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Hybrid aerial- aquatic ‘RoboBee’ to revolutionize Search and Rescue missions in near future

A new biologically-inspired, flapping-wing RoboBee that can fly, dive into water, swim, propel itself back out of water, and safely land on the surface has been brought to life by researchers at the Wyss Institute for Biologically Inspired Engineering at Harvard University and the Harvard John A. Paulson School of Engineering and Applied Sciences (SEAS).

microbot-robobee-harvard
The team had earlier developed a miniature first of its kind robot that could fly in the air and swim inside water. Back then in 2015 the team was working on the challenge to create necessary lift to take the RoboBee from water back to the air in the form of larger aerial-aquatic robots. The dream seems to have been accomplished with this new microrobot capable of repeatedly moving in and through complex environments.

The development however had been fraught with numerous challenges which the scientists had to overcome. First, water being 1,000 times denser than air, the robot’s wing flapping speed was likely to vary widely between the two mediums. If the flapping frequency was too low, the RoboBee wouldn't have been able to fly. If too high, the wings would have snapped off in the water. The team used Goldilocks combination of wing size and flapping rate, scaling the design to allow the bee to operate repeatedly in both air and water. Using this multimodal locomotive strategy, the robot was made to flap its wings at 220 to 300 hertz in air and 9 to 13 hertz in water.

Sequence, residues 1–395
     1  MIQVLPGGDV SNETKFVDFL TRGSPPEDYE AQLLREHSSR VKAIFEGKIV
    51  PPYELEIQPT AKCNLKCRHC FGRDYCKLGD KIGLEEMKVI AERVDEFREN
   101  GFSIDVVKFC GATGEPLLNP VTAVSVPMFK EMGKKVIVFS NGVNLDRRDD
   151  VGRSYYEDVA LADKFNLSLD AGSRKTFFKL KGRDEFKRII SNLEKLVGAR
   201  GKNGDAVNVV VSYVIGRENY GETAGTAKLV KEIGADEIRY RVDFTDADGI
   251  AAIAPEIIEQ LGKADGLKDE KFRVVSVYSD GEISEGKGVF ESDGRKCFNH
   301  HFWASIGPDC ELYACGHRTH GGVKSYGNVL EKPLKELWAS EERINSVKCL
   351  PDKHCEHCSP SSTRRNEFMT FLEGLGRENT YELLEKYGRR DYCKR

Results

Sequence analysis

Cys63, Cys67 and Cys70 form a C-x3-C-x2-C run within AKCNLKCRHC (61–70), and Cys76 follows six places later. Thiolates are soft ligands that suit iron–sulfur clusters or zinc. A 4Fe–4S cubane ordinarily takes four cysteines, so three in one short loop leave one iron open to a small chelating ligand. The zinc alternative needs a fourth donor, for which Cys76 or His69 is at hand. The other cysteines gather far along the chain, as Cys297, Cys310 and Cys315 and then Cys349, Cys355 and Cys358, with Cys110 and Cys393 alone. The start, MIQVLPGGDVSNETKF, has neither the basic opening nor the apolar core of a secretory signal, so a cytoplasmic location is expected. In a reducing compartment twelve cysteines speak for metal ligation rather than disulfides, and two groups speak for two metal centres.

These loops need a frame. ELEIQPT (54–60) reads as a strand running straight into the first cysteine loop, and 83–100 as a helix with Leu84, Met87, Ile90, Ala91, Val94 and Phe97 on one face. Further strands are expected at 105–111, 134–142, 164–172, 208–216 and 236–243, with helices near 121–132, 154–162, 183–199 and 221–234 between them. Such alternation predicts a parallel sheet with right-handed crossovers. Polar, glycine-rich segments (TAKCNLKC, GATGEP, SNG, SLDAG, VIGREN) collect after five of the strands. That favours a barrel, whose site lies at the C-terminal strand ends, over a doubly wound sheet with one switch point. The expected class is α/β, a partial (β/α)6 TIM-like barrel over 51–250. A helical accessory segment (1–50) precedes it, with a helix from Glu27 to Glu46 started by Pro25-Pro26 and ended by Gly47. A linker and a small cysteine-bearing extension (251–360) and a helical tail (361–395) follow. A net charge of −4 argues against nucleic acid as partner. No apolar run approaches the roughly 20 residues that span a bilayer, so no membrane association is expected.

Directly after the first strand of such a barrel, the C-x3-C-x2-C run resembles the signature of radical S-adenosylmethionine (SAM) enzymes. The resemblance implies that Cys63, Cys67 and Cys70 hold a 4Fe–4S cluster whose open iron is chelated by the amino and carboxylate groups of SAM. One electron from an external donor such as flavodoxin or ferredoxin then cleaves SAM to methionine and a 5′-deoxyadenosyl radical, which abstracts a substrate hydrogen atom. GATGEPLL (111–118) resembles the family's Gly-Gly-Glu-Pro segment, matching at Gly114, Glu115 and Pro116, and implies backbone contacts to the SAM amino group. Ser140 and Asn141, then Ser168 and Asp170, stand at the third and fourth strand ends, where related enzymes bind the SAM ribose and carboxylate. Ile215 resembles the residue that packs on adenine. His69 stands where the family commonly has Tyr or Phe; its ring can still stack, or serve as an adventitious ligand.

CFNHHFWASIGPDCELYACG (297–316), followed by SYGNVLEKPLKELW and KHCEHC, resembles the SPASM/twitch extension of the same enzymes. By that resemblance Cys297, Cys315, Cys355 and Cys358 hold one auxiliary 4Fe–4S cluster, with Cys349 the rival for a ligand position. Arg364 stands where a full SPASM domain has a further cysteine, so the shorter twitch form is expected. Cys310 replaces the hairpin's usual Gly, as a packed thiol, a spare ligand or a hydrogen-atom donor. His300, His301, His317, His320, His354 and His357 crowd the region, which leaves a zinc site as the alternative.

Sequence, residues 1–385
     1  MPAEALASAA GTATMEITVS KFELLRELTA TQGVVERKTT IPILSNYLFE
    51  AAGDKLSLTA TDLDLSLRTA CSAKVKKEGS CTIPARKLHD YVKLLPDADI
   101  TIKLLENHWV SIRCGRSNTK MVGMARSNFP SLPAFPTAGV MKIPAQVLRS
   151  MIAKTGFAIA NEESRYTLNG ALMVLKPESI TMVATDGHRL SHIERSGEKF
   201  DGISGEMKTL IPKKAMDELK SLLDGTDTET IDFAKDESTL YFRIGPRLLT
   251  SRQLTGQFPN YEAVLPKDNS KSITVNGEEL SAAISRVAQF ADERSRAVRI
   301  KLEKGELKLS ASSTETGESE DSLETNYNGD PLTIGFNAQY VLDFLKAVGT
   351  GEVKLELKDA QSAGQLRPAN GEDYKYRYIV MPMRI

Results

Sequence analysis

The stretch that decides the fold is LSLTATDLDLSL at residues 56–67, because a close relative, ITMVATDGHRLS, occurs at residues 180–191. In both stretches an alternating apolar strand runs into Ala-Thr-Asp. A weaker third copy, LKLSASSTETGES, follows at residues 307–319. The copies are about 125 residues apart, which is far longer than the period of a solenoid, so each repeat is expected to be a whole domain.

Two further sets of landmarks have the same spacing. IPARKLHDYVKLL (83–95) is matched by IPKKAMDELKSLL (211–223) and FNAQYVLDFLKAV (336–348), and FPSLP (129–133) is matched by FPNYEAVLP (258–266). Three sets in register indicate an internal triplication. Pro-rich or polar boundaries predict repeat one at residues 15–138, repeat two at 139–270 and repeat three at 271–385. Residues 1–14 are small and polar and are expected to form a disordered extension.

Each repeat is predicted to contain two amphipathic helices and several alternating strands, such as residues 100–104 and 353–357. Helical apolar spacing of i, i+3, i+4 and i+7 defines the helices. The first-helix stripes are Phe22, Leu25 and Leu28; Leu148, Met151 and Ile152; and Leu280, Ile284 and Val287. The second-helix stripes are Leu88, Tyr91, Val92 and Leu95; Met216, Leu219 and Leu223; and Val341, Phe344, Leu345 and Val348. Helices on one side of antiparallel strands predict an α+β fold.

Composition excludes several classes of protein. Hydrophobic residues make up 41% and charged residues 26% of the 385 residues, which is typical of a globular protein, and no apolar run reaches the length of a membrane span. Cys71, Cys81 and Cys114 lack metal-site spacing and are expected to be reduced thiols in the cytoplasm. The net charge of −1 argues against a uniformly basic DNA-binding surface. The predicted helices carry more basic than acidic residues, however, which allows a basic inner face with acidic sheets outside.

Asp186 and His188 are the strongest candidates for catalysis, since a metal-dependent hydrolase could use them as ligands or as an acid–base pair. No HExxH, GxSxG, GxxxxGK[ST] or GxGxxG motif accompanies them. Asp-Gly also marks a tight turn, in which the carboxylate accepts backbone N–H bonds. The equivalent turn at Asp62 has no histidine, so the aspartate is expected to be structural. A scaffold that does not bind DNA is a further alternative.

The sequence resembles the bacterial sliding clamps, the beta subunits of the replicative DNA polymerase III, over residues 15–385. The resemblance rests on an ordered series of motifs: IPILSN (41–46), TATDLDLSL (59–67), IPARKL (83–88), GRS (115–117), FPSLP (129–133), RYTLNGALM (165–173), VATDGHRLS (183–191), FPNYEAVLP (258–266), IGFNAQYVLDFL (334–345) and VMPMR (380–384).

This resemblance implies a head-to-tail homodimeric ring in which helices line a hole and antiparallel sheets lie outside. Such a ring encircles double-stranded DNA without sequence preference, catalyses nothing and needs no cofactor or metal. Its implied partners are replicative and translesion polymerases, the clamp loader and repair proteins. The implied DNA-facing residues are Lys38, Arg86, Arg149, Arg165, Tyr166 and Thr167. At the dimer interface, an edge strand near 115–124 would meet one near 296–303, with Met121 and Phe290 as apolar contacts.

Further the impact and sharp edges could break the surface tension of water to facilitate the RoboBee’s entry, but the question of getting it out back again remained. To tackle this situation, the researchers retrofitted the RoboBee with four buoyant robotic floaties and a central gas collection chamber. So once the RoboBee swam to the surface, an electrolytic plate in the chamber converted water into oxyhydrogen, a combustible gas fuel.

The gas increased the robot’s buoyancy, pushing the wings out of the water, and the floaties stabilized the RoboBee on the water’s surface. From there, a tiny, novel sparker inside the chamber ignited the gas, propelling the RoboBee out of the water. The robot was designed in such a way that it passively stabilized in air, to always lands on its feet. However because of the lack of onboard sensors and limitations in the current motion-tracking system, the RoboBee cannot yet fly immediately upon propulsion out of water but the team hopes to change that in future research.

We designed new mechanisms that allow the vehicle to directly transition from water to air, something that is beyond what nature can achieve in the insect world, quoted Yufeng Chen, Ph.D., currently a Postdoctoral Fellow at the Wyss Institute who was a graduate student in the Microrobotics Lab at SEAS when the research was conducted and is the first author of the paper. The team hopes that the Hybrid robot would perform search and rescue missions, research studies and environmental monitoring effectively in near future. The paper regarding the findings was published in Science Robotics.

Source: Wyss Institute at Harvard University

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